All In for Financial Aid: Doing More Than Just Talking About Equity
Thursday, April 25, 2019
By guest blogger Tyler Wu, Higher Education Policy Analyst, The Education Trust—West
If you walked into the Val Verde High School library on an evening this past February, you might have been surprised to find it full of adults on their phones. Administrators, counselors, and other school staffers were making 750 calls in an effort to connect with families and students, offering reminders and assistance with filling out their applications for college financial aid.
“People have been talking about equity in education for a long time, but the problem is that there are very few concrete examples about what people are doing for equity,” says Val Verde Unified School District Superintendent Michael R. McCormick. “Assisting students with completing the FAFSA/CADAA is an actionable approach – this is about not just talking about equity, but doing equity.”
Val Verde Unified School District’s commitment to supporting students with accessing financial aid doesn’t stop with phone banks. When district leaders found that low-income students were not completing and submitting financial aid applications, they made financial aid application completion a graduation requirement in 2017. In the first year of implementation alone, FAFSA and California Dream Act Application (CADAA) completion* increased from 69% to 83% – with no negative impact on graduation rates and preliminary data showing increased college-going.
It’s one thing to pass a policy, but it is another to follow through and make sure that policy implementation truly benefits the lives of students and families. In a state like California, which claims a progressive leadership role in the country but has alarming racial equity gaps in education, Val Verde USD is taking the kind of bold and intentional steps that couple equity rhetoric with action.
What’s Happening in California
Val Verde USD’s work is clearly laudable. But when it comes to financial aid application rates across California, we have a problem. In the past two years combined, nearly half a million high school seniors did not complete a FAFSA or Dream Act application, ranking the state at 30th nationally despite notable informational, awareness, and completion efforts at the state level to increase these rates. This rate of completion is all the more troubling when we consider the relationship between financial aid and college-going. We know, for instance, that providing additional outreach and assistance with FAFSA completion resulted in a 30% increase in college enrollment of high school seniors.
While there is growing attention to reforming California’s financial aid system, policymakers must also consider why students aren’t applying and who isn’t even aware of financial aid programs and the processes to apply to them. California educates approximately 1 out of every 10 K-12 students in the nation and has more students graduating from high school than any other state, and yet thousands of eligible students miss out on the financial aid they are entitled to receive. The lack of a statewide policy that ensures students complete a financial aid application before graduating also contributes to racial and economic equity gaps in financial aid access throughout California. While some schools and districts have high FAFSA/Dream Act application completion rates, there are far too many schools with predominantly low-income students and students of color where application completion rates are abysmally low.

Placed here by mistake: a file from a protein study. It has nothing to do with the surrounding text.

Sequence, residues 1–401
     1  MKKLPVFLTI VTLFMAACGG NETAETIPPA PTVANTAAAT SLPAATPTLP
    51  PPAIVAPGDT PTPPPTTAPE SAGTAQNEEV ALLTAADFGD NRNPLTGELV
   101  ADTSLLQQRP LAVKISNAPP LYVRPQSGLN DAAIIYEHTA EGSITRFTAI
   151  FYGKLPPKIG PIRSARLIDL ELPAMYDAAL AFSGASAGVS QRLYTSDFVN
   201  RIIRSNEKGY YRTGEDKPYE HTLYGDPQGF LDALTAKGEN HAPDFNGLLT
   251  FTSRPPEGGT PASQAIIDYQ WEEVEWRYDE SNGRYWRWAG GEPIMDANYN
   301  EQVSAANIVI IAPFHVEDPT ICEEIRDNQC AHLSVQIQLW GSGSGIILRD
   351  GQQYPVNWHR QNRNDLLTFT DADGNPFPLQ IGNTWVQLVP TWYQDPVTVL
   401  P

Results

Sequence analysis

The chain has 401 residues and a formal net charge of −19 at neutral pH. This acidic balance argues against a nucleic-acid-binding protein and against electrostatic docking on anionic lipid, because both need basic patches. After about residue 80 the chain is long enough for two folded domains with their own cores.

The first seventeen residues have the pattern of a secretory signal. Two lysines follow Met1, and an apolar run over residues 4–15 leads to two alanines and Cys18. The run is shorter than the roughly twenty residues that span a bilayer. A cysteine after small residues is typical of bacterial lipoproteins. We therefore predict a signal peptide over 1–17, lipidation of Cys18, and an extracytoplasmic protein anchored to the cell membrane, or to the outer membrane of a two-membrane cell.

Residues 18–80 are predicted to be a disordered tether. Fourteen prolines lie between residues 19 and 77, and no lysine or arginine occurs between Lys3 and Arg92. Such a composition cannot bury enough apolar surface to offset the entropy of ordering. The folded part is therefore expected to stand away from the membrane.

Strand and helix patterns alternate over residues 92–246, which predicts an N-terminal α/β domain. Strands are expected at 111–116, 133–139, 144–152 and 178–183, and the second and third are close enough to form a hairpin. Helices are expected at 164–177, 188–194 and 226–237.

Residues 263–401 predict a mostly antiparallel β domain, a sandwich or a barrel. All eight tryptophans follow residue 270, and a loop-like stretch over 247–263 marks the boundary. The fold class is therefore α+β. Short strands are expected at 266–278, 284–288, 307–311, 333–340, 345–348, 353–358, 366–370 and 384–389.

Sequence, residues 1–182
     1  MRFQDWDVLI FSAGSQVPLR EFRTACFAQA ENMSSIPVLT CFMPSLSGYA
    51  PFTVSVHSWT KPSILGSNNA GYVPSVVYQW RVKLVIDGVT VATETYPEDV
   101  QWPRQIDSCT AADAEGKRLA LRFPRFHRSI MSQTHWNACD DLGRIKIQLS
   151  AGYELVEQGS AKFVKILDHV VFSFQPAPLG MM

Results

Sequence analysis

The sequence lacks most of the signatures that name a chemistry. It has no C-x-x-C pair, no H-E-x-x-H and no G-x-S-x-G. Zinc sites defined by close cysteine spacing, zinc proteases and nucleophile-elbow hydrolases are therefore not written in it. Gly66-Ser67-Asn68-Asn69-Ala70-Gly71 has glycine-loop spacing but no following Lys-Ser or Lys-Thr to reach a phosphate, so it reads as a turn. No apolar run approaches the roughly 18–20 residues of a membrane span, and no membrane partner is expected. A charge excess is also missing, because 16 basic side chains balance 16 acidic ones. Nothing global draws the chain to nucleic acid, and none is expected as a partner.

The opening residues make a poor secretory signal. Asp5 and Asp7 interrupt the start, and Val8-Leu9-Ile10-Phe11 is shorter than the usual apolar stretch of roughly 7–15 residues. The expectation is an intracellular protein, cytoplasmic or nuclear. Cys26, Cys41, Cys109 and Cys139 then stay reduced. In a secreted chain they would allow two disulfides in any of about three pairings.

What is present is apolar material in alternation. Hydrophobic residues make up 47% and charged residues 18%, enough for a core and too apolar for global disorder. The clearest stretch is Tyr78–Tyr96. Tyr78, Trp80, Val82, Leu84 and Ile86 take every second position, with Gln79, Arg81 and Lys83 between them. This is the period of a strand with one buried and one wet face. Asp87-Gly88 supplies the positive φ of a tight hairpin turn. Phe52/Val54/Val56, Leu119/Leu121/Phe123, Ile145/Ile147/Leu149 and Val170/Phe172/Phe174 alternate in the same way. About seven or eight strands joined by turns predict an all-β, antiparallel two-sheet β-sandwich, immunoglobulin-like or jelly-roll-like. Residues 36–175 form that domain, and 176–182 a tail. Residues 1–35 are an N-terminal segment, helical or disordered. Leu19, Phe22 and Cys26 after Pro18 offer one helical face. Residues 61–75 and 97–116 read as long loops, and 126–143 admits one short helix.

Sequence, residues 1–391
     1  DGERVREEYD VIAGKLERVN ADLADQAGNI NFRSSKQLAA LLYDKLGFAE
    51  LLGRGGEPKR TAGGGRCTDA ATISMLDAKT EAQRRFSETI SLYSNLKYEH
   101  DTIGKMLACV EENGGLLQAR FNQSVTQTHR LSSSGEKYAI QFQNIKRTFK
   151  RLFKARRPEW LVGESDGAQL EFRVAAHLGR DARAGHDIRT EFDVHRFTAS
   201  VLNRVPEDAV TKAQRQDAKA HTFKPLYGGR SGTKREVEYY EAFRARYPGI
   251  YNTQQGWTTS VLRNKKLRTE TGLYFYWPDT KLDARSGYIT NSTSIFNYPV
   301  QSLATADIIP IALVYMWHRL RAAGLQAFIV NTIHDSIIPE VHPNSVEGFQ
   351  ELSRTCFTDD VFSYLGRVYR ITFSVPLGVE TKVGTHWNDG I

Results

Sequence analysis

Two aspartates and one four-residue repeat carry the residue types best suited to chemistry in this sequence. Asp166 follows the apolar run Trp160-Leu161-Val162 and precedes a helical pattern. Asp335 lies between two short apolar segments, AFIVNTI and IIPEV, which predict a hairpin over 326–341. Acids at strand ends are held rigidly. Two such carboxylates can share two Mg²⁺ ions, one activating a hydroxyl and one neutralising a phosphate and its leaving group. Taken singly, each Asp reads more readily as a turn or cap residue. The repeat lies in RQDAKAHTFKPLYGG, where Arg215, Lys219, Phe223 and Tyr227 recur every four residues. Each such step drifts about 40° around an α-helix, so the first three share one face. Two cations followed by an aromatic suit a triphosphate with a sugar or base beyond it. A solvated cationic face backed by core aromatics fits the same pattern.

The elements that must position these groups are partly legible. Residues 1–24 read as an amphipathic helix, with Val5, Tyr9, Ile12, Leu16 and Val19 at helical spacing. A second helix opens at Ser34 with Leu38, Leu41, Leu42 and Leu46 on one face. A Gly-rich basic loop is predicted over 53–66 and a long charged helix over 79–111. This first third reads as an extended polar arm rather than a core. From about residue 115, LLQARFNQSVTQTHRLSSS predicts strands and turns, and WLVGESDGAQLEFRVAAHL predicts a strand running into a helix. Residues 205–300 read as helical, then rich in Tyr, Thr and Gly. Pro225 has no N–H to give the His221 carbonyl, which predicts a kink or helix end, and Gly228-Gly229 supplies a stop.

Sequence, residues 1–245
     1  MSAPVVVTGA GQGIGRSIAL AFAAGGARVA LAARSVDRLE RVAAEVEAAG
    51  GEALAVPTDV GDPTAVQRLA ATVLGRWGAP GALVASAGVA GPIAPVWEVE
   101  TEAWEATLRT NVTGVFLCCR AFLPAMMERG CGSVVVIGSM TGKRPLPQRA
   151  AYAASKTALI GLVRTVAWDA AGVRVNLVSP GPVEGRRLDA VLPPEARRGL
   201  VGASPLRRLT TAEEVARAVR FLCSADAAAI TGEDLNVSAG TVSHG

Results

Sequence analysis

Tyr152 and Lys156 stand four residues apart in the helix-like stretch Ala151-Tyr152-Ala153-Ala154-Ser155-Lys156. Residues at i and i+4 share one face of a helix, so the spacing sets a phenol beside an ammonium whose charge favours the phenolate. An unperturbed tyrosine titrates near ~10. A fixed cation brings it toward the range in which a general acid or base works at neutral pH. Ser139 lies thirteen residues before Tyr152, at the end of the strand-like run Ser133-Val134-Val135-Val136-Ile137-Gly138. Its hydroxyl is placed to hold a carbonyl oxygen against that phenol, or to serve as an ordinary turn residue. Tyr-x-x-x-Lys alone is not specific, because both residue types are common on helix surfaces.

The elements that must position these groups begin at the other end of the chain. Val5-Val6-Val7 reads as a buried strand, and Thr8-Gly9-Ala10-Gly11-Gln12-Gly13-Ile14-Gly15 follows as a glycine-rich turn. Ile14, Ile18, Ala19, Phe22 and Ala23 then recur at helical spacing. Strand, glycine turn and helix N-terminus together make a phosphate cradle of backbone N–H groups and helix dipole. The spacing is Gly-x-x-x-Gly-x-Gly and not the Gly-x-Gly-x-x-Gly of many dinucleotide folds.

A Statewide Policy Solution
We applaud the bold steps taken in places like Val Verde USD – but we also cannot and should not depend on a “trickle-around-the-state” approach to hoping best practices take hold rapidly across California. Under the leadership of Assemblymember Eloise Reyes, representing California’s 47th Assembly District, Ed Trust—West is taking steps to close these racial and economic equity gaps with urgency by sponsoring Asm. Reyes’ proposed legislation, AB 1617, an effort to help more students go to college by making aid application completion a component of the graduation process. We’ve seen this work as a statewide effort. In the first year of implementing a similar policy, Louisiana saw financial aid application completion rates increase by 26 percentage points – making the state the highest ranking in the nation for FAFSA completion. If the red state of Louisiana can take such a bold, intentional – and dare we say progressive – step, surely California can. History and evidence tell us that without intentional and meaningful action, the most underserved among us will continue to be let down by the very systems attempting to embrace equity and better serve communities of color across our state.
Outcomes in education are inextricably linked to the choices policymakers make. Right now, California has a clear choice – and what is in front of us is a clear solution. We also know policy change alone won’t solve the problem, and we stand ready with our Val Verde USD colleagues and a statewide network of advocates to assist with and monitor equitable implementation, should the proposal be signed into law. What we have seen in Louisiana and Val Verde USD show us what is possible when we choose to not just talk, but to do something about equity. If we stick with the status quo in California, around a quarter of a million high school seniors won’t fill out a financial aid application next year. Isn’t it time we did something about that?
*The California Dream Act Application (CADAA) provides an opportunity for undocumented and nonresident documented students to apply for and receive state aid.
(Photo courtesy of Michael McCormick)